Tamara also encourages her clients to repurpose content wherever possible. “You don't have to go out and create new content to match what you believe people are searching for. If you know that there's a really inspiring tip that you provided in a keynote speech, a webinar, a training, a podcast interview, take those micro pieces of content that are inspiring and educational — that can have great keywords as well — and repurpose those and test them out on your TikTok and Instagram.”
Building relationships with influencers
To build strong relationships with influencers, find ones that align with your core values. “Do the market research to see who you'd actually feel like you'd connect with,” recommends Tamara.
Tamara emphasizes the importance of allowing influencers to see how you can provide value to them — whether it’s sharing content you know they’ll like, hiring them, or offering affiliate or commission partnerships — before you reach out to see if they’d be interested in a collaboration. Start with small things and work up to bigger collabs if it makes sense.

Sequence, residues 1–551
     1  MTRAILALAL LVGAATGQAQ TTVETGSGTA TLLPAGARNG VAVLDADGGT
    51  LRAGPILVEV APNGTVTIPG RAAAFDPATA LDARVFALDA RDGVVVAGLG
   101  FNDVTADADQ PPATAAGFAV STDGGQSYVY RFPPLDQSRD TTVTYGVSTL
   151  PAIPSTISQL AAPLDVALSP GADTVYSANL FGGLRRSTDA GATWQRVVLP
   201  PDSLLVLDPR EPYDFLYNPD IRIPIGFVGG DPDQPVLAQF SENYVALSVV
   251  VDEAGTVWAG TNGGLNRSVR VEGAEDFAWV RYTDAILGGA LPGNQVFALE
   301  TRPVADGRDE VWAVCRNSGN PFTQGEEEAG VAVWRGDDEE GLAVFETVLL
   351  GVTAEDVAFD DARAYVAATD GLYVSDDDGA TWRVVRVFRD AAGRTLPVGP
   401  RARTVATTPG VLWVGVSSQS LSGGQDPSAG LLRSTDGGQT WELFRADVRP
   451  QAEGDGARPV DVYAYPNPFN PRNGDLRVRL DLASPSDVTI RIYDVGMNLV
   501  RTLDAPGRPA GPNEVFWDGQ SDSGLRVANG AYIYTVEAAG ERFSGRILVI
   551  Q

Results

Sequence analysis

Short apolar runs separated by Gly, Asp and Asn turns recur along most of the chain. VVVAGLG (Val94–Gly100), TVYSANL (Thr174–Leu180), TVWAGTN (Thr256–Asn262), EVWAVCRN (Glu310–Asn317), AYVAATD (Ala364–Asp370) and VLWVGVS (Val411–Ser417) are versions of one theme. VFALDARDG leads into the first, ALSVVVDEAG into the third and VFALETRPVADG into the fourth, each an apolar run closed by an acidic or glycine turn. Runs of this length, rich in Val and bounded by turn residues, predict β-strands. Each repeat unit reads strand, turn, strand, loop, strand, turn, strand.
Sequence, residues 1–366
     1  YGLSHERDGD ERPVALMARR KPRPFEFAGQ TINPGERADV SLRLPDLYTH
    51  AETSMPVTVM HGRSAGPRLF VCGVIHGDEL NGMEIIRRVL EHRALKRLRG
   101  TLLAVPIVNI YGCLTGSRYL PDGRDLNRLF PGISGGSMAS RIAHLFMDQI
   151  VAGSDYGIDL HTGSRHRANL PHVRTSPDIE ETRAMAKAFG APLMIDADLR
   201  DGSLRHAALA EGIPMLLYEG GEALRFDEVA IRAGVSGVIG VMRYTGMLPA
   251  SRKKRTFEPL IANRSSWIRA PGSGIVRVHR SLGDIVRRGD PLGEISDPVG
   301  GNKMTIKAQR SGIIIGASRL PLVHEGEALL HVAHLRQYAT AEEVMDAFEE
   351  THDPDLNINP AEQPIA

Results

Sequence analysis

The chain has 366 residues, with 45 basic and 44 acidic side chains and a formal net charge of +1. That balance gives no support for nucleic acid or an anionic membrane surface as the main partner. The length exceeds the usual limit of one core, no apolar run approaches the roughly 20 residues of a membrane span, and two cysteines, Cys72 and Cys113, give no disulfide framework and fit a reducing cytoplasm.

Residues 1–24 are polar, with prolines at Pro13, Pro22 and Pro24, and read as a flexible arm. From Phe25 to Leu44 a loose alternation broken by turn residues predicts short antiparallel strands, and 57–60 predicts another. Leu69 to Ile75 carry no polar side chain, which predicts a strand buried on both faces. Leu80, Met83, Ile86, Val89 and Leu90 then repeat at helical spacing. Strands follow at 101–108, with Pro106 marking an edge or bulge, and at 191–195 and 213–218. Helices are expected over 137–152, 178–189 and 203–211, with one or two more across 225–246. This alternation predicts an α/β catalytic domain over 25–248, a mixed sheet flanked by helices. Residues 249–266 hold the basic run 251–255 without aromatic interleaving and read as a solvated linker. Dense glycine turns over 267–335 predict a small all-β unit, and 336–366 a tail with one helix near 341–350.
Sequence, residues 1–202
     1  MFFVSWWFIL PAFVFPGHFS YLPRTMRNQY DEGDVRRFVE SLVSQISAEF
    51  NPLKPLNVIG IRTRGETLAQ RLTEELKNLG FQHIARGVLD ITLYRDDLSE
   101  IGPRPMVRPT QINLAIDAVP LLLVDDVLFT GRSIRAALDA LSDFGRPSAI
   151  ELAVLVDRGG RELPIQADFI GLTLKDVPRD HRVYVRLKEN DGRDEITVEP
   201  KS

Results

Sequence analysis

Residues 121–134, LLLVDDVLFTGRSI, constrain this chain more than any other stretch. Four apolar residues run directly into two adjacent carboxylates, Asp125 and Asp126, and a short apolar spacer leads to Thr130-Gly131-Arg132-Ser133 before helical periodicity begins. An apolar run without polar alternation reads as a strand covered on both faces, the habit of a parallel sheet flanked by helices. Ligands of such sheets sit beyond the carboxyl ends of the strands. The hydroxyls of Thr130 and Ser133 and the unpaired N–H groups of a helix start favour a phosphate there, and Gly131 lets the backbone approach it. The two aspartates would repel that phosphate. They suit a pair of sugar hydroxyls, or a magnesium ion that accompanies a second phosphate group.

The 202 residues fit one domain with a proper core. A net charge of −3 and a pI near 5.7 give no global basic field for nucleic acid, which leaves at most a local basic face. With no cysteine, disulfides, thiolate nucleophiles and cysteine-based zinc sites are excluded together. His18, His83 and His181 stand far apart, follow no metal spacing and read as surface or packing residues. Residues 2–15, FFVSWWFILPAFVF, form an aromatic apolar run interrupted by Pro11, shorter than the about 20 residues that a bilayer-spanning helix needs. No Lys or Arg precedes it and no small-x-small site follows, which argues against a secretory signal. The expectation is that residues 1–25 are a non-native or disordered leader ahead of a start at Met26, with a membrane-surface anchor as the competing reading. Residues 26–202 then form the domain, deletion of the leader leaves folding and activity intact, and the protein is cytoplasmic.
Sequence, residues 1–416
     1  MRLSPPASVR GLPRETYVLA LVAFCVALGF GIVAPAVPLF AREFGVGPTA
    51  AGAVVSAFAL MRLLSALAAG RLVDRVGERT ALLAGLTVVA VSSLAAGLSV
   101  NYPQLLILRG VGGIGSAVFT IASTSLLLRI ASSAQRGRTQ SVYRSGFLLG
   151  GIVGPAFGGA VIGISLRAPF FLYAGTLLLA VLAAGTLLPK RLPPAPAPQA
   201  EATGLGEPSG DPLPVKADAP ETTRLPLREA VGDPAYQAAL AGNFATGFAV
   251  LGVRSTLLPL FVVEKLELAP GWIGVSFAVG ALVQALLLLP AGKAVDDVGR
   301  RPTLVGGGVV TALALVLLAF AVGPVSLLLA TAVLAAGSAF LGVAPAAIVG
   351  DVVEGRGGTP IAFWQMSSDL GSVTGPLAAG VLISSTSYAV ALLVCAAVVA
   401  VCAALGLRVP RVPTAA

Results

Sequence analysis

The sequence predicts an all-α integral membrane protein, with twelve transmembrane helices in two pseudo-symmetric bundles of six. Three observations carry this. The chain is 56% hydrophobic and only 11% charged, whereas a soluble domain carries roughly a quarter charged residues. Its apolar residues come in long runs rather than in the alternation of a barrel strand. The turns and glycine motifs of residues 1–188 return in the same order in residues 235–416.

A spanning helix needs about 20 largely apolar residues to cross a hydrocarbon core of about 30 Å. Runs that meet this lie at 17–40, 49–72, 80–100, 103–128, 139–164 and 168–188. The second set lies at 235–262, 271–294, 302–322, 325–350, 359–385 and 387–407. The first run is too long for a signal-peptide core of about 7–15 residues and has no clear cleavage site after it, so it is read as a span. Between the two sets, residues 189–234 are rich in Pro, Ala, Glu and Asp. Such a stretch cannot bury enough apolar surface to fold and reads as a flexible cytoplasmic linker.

“I'm in the process of doing this right now,” says Tamara. “I'm creating a micro content summit that releases in May. We're doing it with 15 influencers, a mix of TikTokers, Instagrammers and YouTube short creators. So right now we're reaching out to the ones we feel are in alignment with our core values. They provide a lot of value. They're fun. They're educational. We're building relationships with them that will allow them to do collaborations to share on their posts.”
To find influencers to connect with, Tamara recommends sites such as: